The elders took turns keeping watch. Most of the people couldn’t sleep as they waited, listening, hoping and praying that their chief and the men would arrive soon. They would dose off to sleep and be awakened by the slightest noise throughout the night. At dawn, there was no sign of their great chief. And no sign of the men with the wagons, horses and supplies. So, once again, they packed up and continued their journey.

That next night, people started to get cranky with each other and argued about lighting the campfire. Chanis and the other children were hungry and anxious, and some of the smaller children cried from being hungry for good food and from being tired. Chanis cried herself to sleep as she remembered her chief being chased to what seemed to her certain death. She tried to remain hopeful and expect her chief to come at dawn like the elders said, but it was hard to believe that. “He must really love his people to be willing to die for us like that.” With this encouraging thought, she finally fell asleep.

At dawn, she woke up to the wonderful sound of the words, “Takohtew! Wanskaak!” (He has arrived. Wake up!) What a beautiful sight to see their great Chief riding towards them with the men following behind him. They ran to greet him with tears of great joy and relief. The men told them how the Chief had let the Kaskihtowak relatives chase him for miles. He took them far away from his people. He had finally stopped his horse and walked into a little bush in the prairies. The Kaskihtowak had laughed at him, made fun of him for being so stupid for thinking he could hide in a little clump of bushes. Instead of going after him, they got off their horses and waited for him to come out. But, to their amazement, the only thing that finally emerged from the bush was a white buffalo. The Creator had transformed him. The Kaskihtowak were so afraid they got on their ponies and rode away as fast as they could.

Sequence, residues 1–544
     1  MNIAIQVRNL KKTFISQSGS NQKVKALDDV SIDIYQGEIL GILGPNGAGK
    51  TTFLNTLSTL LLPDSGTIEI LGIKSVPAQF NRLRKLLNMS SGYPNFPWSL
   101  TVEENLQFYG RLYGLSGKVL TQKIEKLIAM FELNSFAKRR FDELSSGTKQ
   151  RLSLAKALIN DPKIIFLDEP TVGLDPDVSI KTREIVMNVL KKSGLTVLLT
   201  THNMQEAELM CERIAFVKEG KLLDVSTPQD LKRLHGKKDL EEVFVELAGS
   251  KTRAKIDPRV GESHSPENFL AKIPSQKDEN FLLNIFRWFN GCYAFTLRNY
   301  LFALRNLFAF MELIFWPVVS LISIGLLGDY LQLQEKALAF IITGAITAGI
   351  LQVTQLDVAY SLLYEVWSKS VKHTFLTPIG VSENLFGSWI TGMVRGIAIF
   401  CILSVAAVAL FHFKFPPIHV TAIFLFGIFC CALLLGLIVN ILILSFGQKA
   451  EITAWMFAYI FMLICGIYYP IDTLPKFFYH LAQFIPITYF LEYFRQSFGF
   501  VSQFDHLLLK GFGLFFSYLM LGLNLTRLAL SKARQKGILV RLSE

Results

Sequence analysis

Whatever would happen from now on, Chanis and her people did not know. But for now, they rested in the joy of knowing that their great Chief had arrived, and it was him and not the warriors who had saved them. They had walked for days and waited in hope and expectation for several cold, dark, thirsty and hungry nights. And finally, on this beautiful sunny morning, they celebrated their Chief’s arrival with great joy!

“We know love by this, that he laid down his life for us – and we ought to lay down our lives for one another” (1 John 3:16).

We are all related. It is good to know and to love our relatives in the heavenly way. All my Relatives! Amen.